Find the length of a side of a triangle

Discussion in 'Community Discussion' started by beatsme, Nov 25, 2006.

  1. beatsme macrumors 65816

    beatsme

    Joined:
    Oct 6, 2005
    #1
    given that I know the length of two sides of a triangle and the angle at which the two sides meet, how do I determine the length of the third side if it is NOT a right triangle? If it's not a right triangle, the pythagorean theorem does not apply, correct?
     
  2. thedude110 macrumors 68020

    thedude110

    Joined:
    Jun 13, 2005
    #2
    *catches vague scent of discussion about phsycial space*

    *head explodes*
     
  3. WildCowboy Administrator/Editor

    WildCowboy

    Staff Member

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    Jan 20, 2005
  4. beatsme thread starter macrumors 65816

    beatsme

    Joined:
    Oct 6, 2005
    #4
    no no...nothing that bad ;)

    from here to my mom's house, there is no "straight shot," so I have to drive about 40 miles east and then about 90 miles southwest. I was just wondering how far exactly it is "as the crow flies." Mom and I did the pythagorean theorem thing and came up with a distance of around 60 or 70 miles, but I'm just curious about how to find it for sure.
     
  5. beatsme thread starter macrumors 65816

    beatsme

    Joined:
    Oct 6, 2005
    #5
    ah...I hate to be a bother...do you think you could demonstrate? I haven't had this kind of math for about 20 years :eek:
     
  6. clayj macrumors 604

    clayj

    Joined:
    Jan 14, 2005
    Location:
    visiting from downstream
    #6
    Remember that every triangle can be divided into two right triangles... and since you know the angle (a°) at which sides A and B intersect, you can determine "how much" (B') of side B is covered by side A by using the cosine of a°.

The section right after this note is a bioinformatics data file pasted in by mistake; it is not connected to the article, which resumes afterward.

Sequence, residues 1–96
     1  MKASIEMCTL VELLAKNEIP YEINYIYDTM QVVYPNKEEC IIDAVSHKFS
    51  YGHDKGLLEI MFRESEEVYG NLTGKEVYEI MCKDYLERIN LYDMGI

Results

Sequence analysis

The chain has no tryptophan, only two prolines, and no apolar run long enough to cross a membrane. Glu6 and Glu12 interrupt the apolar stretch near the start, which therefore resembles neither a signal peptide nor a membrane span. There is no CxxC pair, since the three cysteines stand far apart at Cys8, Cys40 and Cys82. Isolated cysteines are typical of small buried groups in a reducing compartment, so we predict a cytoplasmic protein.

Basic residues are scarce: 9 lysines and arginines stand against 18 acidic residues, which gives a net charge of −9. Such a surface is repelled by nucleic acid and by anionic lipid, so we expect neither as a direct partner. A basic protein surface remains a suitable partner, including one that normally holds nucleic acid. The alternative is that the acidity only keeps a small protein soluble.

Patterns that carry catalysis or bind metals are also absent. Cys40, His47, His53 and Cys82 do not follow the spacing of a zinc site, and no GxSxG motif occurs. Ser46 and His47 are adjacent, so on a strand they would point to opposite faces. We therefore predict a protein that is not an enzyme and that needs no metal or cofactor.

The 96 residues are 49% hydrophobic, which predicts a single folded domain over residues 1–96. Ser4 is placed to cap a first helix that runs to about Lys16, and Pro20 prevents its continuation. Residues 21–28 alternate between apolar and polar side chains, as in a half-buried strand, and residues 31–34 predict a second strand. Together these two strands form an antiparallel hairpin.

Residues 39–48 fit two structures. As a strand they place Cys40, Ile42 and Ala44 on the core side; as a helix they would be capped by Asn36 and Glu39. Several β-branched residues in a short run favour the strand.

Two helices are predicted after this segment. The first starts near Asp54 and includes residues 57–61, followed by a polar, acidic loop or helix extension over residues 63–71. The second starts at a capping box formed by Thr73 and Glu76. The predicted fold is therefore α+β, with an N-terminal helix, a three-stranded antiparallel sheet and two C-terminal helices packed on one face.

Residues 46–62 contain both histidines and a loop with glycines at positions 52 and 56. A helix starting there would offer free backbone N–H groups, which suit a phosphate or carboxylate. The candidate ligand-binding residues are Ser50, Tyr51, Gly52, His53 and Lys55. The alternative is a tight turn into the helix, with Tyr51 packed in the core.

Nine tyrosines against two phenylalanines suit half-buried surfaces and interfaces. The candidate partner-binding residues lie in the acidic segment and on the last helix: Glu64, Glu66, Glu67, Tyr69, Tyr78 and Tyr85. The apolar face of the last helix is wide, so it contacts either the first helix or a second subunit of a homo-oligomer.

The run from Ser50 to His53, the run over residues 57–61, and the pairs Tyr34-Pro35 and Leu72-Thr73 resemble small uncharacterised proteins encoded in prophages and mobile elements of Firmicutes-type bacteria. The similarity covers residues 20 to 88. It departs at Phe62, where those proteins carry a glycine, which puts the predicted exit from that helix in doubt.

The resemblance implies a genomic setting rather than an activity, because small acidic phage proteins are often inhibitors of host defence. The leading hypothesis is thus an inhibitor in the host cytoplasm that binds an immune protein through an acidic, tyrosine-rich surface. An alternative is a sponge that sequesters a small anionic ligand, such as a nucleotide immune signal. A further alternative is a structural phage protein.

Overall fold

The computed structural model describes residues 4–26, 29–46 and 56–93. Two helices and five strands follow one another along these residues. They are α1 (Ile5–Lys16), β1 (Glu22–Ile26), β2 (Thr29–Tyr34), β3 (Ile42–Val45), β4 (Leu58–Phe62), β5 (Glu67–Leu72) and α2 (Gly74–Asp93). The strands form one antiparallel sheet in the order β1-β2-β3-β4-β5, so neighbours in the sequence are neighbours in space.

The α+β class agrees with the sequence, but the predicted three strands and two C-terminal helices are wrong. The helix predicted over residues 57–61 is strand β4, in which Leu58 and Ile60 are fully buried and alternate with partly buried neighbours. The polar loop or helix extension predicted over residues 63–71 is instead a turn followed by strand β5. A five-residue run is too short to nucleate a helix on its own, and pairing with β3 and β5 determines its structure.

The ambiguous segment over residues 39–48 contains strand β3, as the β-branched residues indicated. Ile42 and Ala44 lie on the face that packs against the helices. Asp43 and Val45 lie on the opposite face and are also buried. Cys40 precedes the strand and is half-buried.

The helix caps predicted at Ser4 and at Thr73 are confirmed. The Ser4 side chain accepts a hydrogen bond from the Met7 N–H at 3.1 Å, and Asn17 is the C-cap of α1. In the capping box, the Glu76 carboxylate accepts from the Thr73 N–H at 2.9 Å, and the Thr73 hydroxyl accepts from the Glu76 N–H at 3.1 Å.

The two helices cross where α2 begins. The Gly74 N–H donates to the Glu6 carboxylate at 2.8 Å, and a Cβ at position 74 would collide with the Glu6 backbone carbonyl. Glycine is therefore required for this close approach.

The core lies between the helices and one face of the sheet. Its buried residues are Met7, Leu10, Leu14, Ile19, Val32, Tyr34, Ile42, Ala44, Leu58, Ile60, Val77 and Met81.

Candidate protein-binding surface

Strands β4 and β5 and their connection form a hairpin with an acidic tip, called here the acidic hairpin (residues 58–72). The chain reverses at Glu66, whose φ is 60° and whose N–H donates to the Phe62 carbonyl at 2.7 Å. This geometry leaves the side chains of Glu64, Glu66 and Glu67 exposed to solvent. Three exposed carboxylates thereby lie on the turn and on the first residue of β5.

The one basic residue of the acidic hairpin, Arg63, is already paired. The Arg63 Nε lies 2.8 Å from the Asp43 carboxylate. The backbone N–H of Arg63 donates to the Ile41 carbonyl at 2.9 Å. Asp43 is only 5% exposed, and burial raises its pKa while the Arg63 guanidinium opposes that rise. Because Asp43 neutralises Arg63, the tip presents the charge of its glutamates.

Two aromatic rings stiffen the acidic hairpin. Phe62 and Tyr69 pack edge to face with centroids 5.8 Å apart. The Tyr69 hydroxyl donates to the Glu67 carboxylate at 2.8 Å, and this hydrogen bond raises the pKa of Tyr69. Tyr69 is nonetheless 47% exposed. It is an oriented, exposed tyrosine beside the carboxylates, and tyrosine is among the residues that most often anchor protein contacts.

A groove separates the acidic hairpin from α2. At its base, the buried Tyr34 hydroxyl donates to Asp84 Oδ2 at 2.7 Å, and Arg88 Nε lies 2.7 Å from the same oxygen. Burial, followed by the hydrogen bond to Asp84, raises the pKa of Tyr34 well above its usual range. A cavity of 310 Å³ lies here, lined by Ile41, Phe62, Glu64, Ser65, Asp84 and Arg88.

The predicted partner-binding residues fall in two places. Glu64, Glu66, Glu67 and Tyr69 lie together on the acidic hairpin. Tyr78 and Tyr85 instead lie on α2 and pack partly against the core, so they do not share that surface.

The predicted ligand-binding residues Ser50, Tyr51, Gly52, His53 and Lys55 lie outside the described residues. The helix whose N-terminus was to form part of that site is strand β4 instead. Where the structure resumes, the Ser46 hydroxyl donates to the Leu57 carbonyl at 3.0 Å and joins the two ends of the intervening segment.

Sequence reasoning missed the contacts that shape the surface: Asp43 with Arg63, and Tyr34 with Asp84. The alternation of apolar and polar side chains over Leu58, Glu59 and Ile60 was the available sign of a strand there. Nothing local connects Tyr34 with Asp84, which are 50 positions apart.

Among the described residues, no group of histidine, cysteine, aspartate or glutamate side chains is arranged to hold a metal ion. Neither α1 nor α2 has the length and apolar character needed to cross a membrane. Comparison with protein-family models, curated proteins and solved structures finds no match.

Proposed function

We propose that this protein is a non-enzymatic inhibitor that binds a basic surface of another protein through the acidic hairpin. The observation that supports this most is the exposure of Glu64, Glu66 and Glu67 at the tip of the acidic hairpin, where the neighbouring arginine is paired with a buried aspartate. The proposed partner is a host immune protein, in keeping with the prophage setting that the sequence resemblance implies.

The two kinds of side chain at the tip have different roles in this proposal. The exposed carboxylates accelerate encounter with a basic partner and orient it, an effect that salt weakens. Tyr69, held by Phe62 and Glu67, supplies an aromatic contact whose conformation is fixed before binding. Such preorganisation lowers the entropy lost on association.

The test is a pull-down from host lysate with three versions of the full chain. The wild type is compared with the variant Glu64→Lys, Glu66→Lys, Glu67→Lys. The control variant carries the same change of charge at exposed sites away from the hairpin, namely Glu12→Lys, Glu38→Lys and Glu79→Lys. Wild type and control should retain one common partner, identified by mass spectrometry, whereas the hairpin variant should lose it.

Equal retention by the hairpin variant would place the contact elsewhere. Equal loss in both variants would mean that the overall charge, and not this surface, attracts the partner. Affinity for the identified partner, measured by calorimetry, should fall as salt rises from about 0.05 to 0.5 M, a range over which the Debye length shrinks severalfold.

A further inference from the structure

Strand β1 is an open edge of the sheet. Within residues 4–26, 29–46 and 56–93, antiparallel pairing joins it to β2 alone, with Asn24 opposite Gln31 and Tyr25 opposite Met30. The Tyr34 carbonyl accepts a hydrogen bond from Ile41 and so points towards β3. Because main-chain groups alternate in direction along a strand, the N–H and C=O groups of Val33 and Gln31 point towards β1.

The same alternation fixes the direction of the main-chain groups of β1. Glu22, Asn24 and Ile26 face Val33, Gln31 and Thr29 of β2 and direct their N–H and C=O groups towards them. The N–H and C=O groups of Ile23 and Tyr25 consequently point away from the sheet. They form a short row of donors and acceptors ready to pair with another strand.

B' = A (cos a°)
    B'' = B - B'
    A'' = A (sin a°)

    A'' and B'' are two sides of a right triangle. C'' (which is also C) is therefore the square root of the sum of A'' squared and B'' squared.

    I think this is correct.
     
  7. WildCowboy Administrator/Editor

    WildCowboy

    Staff Member

    Joined:
    Jan 20, 2005
    #7
    Under one convention, you know the lengths of two sides (a and b) and the enclosed angle (gamma). You are trying to find the length of the side opposite gamma (c).

    c^2 = a^2 + b^2 - 2abcos(gamma)

    You'll probably need either a scientific calculator or trig tables to figure out cos(gamma). Everything else should be straightforward.
     
  8. beatsme thread starter macrumors 65816

    beatsme

    Joined:
    Oct 6, 2005
    #8
    ah great. Thanks :D
    I couldn't figure out the Wikipedia link. Thanks again.
     
  9. gadgetgirl85 macrumors 68040

    gadgetgirl85

    Joined:
    Mar 24, 2006
    #9
    Ewwwww *Remembers back to senior school maths*
     

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